CSRodgers | May 3, 2014 |
First, a couple of caveats: "Chaos: Making a New Science" was written almost twenty-five years ago, so I don't know how up-to-date it is. Also, sadly enough, I can't say I know too much about any sort of science, so I'm the "general reader" that this book is probably aimed at. Even so, I think that "Chaos" is high-quality science writing and very recommendable. Gleick approaches his subject from a number of angles: he discusses nonlinear equations and mathematical oddities, chance discoveries, computer simulations and real-world applications like turbulence and the rise and fall of animal populations, and his multifaceted approach gives the reader a remarkably complete portrait of what chaos is and how it might change our thinking about a number of well-established scientific imponderables. I'm pretty much a math illiterate and barely managed a B- in pre-calc in senior year, but Gleick's a top-shelf nonfiction writer: he's able to lay out his ideas in a way that makes them comprehensible while also preserving their uncanny beauty. The author basically squares the popular science writing circle by making the head-bendingly complex seem both important and eminently graspable. Chaos is also a new enough science that Gleick can also examine the more human side of chaos research: he seems to have personally interviewed many of this new science's major figures, describes their academic backgrounds and mindsets in detail, and is adept at capturing the excitement they must have felt when making their discoveries and transmitting it to his readers. I'm sure real-deal science students will want to start elsewhere, but I'd wager that this book has provided a good deal of inspiration and reflection among even non-scientists. From the way that scientists in widely differing fields came to ask the same sort of questions about dissimilar phenomena to the very idea that there might be some underlying structure to disorder itself, there's a lot to consider here. I'm looking forward to picking up more titles from this author. ( )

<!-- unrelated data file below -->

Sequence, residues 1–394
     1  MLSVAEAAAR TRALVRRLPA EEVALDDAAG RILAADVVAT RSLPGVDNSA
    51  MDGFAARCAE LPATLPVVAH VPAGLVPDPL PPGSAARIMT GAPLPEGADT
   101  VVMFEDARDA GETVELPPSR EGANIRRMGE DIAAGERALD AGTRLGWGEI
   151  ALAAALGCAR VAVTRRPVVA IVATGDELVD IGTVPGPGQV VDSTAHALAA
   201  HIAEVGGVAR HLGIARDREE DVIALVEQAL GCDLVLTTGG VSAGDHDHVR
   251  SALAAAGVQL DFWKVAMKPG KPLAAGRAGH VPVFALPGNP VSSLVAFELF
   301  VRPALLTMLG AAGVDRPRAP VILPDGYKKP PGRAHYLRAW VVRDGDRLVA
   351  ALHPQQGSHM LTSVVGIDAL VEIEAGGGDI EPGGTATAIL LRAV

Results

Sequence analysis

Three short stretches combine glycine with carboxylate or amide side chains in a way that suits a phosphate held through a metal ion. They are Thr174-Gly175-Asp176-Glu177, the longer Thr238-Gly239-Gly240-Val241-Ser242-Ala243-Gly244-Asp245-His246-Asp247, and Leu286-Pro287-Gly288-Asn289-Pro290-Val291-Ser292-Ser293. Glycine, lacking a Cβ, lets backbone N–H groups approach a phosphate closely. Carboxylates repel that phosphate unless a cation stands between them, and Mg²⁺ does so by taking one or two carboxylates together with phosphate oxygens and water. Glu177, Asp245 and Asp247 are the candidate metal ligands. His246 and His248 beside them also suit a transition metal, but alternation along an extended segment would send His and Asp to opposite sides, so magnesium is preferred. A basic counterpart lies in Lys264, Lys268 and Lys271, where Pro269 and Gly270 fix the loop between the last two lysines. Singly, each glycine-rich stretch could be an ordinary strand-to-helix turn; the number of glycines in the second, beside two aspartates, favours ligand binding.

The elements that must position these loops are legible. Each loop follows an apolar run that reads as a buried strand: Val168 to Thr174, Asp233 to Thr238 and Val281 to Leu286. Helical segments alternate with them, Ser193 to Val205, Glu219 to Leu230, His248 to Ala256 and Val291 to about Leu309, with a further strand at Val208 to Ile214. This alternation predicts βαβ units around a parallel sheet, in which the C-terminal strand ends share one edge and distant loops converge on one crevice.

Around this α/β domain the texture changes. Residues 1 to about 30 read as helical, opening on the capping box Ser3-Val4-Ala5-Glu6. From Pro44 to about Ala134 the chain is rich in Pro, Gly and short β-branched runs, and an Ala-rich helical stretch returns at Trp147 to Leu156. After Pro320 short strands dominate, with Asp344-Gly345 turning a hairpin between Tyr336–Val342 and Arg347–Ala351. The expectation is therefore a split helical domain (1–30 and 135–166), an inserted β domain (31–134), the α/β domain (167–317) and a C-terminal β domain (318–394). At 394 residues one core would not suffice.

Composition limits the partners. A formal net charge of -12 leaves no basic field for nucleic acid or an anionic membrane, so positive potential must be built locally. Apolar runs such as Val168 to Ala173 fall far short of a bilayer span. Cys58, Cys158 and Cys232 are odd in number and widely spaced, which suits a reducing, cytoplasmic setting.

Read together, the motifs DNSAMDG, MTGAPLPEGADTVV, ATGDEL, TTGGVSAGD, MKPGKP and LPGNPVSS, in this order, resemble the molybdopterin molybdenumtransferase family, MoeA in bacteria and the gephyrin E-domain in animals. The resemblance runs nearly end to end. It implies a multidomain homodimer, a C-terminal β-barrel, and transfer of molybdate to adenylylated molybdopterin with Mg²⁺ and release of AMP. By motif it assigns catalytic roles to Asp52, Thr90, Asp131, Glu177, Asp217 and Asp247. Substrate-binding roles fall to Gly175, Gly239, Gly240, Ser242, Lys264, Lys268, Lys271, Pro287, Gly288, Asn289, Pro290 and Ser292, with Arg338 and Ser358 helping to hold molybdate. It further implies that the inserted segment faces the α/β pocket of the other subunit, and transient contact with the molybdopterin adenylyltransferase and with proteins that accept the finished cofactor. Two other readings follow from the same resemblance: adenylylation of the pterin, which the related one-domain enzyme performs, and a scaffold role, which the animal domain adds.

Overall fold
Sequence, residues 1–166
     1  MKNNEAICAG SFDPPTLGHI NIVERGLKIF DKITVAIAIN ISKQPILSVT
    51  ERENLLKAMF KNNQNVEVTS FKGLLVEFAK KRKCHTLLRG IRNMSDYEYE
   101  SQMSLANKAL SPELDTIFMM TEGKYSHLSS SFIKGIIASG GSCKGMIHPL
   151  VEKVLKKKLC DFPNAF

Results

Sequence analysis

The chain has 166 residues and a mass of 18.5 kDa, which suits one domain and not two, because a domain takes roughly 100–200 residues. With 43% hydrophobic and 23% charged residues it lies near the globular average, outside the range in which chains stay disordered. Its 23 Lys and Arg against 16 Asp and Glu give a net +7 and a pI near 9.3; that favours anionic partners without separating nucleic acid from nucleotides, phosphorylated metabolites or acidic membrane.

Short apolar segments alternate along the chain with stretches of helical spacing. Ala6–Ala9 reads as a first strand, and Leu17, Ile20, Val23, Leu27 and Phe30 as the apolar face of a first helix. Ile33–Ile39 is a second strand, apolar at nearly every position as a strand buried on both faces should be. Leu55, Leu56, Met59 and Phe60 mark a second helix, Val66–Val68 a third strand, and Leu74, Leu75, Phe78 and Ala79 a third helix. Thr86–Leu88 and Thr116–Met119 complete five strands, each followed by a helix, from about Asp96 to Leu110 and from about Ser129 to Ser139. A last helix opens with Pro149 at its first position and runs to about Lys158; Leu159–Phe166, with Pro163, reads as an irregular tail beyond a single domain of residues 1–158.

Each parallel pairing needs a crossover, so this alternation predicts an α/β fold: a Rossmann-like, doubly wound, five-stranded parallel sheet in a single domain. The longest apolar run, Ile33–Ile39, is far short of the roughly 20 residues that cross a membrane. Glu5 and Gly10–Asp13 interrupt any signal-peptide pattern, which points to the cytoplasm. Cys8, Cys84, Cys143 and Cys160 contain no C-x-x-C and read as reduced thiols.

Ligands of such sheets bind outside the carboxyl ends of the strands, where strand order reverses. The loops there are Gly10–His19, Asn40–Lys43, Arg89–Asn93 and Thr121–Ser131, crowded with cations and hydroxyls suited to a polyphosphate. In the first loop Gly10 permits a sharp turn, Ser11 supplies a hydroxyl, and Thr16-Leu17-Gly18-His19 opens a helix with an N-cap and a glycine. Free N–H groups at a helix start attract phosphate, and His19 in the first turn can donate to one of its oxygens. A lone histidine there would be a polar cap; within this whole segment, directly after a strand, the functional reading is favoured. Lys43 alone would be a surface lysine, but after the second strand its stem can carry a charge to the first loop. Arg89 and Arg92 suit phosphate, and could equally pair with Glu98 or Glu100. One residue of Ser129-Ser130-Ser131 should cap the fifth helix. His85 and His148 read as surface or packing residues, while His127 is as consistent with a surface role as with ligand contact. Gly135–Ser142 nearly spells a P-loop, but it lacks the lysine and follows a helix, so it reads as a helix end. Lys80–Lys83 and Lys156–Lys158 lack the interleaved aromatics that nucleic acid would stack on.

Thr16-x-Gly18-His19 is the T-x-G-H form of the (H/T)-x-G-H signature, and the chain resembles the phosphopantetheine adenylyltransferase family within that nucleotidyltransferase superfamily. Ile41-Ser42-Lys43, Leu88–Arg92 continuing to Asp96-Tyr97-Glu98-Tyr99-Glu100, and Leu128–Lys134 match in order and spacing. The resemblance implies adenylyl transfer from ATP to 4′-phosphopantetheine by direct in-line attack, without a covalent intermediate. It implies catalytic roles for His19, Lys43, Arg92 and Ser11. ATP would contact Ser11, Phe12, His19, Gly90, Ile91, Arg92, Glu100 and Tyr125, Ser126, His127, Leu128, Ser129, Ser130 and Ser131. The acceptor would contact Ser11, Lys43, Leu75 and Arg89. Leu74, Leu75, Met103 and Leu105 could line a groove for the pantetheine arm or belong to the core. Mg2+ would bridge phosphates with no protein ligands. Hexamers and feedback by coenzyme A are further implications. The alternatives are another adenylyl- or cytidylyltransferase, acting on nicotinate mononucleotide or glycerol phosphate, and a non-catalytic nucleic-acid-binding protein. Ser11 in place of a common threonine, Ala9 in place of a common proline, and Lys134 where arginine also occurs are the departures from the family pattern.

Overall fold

TheAmpersand | Oct 6, 2013 |
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Adelaar, PattyTranslatorsecondary authorsome editionsconfirmed
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Amazon.com Amazon.com Review (ISBN 0140092501, Paperback)

Few writers distinguish themselves by their ability to write about complicated, even obscure topics clearly and engagingly. James Gleick, a former science writer for the New York Times, resides in this exclusive category. In Chaos, he takes on the job of depicting the first years of the study of chaos--the seemingly random patterns that characterize many natural phenomena.

This is not a purely technical book. Instead, it focuses as much on the scientists studying chaos as on the chaos itself. In the pages of Gleick's book, the reader meets dozens of extraordinary and eccentric people. For instance, Mitchell Feigenbaum, who constructed and regulated his life by a 26-hour clock and watched his waking hours come in and out of phase with those of his coworkers at Los Alamos National Laboratory.

As for chaos itself, Gleick does an outstanding job of explaining the thought processes and investigative techniques that researchers bring to bear on chaos problems. Rather than attempt to explain Julia sets, Lorenz attractors, and the Mandelbrot Set with gigantically complicated equations, Chaos relies on sketches, photographs, and Gleick's wonderful descriptive prose.

(retrieved from Amazon Thu, 12 Mar 2015 18:03:46 -0400)

(see all 6 descriptions)

The author describes how scientists studying the growth of complexity in nature are discovering order and pattern in chaos. He explains concepts such as nonlinearity, the Butterfly Effect, universal constants, fractals, and strange attractors, and examines the work of scientists such as Mitchell J. Feigenbaum, Edward Lorenz, and Benoit Mandelbrot.… (more)